The Utah Republican Party is about to make a big mistake.
But this is not new.
The current leadership of the party – including the 4,000 delegates and 180-member Central Committee – are getting used to making mistakes.
Still, this is one they could avoid – but probably won’t.
Saturday the CC will meet to discuss whether the party should abandon a long-held bylaw and practice of NOT endorsing GOP candidates before the nomination is achieved – either through the county and state convention delegate vote, or the vote of registered GOP voters in a closed primary.
The CC would be wise not to endorse congressional, state and multi-county legislative candidates before the nomination is finalized.
But more likely, the governing body will do just the opposite – following the lead of the Utah, Salt Lake, and Davis county parties.
This, of course, is all about SB54 – and the state party’s misadvised and mislead fight to repeal and/or blunt the new law.
As UtahPolicy readers know, the 2014 GOP-controlled Legislature passed SB54, the dual candidate route to the primary law. Republican Gov. Gary Herbert signed it.
This is the first election cycle the law takes effect.
The state GOP has already lost two rounds of lawsuits in Utah Federal Court and a direct appeal to the Utah Supreme Court over SB54.
Blocked on their unconstitutional claims (all rejected), party leaders are now looking for ways to punish GOP candidates who take the signature-gathering route to the party’s primary ballot.
The latest idea: Officially “endorse” or “sanction” only candidates who appear before the state GOP convention delegates and get at least 40 percent of the vote.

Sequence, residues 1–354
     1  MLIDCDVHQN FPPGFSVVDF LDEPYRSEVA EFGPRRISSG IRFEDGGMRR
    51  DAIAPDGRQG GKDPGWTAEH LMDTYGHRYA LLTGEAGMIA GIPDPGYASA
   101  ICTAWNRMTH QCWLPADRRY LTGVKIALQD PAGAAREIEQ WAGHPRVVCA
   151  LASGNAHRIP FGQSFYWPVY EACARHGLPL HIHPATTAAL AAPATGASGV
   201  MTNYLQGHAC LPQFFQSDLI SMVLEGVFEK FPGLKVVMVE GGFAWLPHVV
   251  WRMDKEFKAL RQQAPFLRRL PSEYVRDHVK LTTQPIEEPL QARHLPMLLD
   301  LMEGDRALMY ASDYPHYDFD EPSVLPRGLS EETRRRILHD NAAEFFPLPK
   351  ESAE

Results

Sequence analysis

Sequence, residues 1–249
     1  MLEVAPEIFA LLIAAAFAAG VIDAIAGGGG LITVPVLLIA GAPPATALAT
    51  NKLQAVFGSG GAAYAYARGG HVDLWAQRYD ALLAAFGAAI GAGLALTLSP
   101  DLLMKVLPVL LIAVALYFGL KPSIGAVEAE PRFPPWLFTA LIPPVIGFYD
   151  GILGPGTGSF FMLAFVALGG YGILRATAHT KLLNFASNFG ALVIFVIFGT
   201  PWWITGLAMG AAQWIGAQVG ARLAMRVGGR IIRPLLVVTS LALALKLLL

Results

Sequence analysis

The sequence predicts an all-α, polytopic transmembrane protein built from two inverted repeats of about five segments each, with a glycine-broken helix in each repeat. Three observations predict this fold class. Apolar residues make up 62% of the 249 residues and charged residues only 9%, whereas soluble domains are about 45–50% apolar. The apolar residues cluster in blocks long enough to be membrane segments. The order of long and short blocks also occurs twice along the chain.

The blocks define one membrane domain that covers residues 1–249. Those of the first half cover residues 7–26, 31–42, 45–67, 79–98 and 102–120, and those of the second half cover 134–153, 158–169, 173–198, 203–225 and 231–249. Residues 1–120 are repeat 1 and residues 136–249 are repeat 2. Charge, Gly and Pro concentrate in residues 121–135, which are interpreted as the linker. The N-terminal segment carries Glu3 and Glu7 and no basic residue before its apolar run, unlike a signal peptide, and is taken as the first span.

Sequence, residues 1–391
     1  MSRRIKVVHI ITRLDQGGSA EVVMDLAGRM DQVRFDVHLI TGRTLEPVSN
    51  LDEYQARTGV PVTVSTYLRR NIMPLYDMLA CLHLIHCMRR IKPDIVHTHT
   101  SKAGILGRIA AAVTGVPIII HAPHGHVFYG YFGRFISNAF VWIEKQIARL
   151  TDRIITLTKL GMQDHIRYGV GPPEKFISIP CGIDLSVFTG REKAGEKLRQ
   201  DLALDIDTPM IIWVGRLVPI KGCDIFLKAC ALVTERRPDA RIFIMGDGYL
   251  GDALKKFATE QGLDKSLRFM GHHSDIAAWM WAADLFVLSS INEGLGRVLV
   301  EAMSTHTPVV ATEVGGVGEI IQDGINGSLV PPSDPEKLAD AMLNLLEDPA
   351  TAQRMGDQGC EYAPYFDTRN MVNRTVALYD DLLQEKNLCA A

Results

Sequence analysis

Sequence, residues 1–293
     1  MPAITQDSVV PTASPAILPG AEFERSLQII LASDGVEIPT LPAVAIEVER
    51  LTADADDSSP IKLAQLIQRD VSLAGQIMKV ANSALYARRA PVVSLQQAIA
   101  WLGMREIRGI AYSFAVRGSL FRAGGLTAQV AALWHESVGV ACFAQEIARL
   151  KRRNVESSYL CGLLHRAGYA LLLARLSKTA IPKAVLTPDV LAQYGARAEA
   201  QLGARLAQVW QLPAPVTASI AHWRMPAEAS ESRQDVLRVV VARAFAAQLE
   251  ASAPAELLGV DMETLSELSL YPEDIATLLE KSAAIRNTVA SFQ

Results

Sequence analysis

Those GOP candidates who don’t go to the convention at all (as allowed under SB54 signatures), or who go both the signature and convention routes at the same time (also allowed under SB54), but who don’t get 40 percent of their delegate votes, would be officially opposed by the party leaders.
That would have meant that if SB54 were in place in 2004 incumbent GOP Gov. Olene Walker could have gathered signatures, failed to get at least 40 percent of the state delegate vote, and end up running against Jon Huntsman Jr. and Nolan Karras in the GOP primary – and being officially opposed by the Utah State Republican Party.
Same thing for former U.S. Sen. Bob Bennett in 2010 – he didn’t get 40 percent of the delegate vote, and like Walker was driven from office.
So image this case: A sitting GOP governor and a sitting U.S. senator OPPOSED by their own state party in the primary election.
How stupid would the state GOP look in those cases? Especially if Walker and/or Bennett would have won their primary races.
You can answer that question yourself.
If the state GOP acts like it may well on Saturday, 3rd Congressional District GOP candidate Chai-Chi Teng, who has been certified to the June 28 ballot by getting 7,000 GOP voter signatures, would be opposed by his own party.
Rep. Jason Chaffetz, R-Utah, got more than 60 percent of the 3rd District delegate vote in the April GOP state convention – and in the eyes of the anti-SB54 state Republican Party he is their ONLY nominee.
Now, the primary GOP ballot will not say Chaffetz is the GOP nominee, and won’t say that the party endorses only Chaffetz.
But you can bet Chaffetz’ ads will say so, if the state CC does what I think it will Saturday.
Not only that, but Teng could well be denied any party help – in fact probably would be.
He wouldn’t get GOP voter lists or emails or telephone numbers. He wouldn’t get any party financial aid, and such.
Even though a UtahPolicy poll by Dan Jones & Associates shows that most GOP rank-and-file voters DON’T want their party bosses endorsing candidates before the nomination is decided by those very own voters, watch for the state GOP to once again – in their eternal hatred of SB54 – go against their own rank-and-file party member preferences.
After all, who are the most important members of the Utah Republican Party? The rank-and-file voters, or the party insiders/bosses?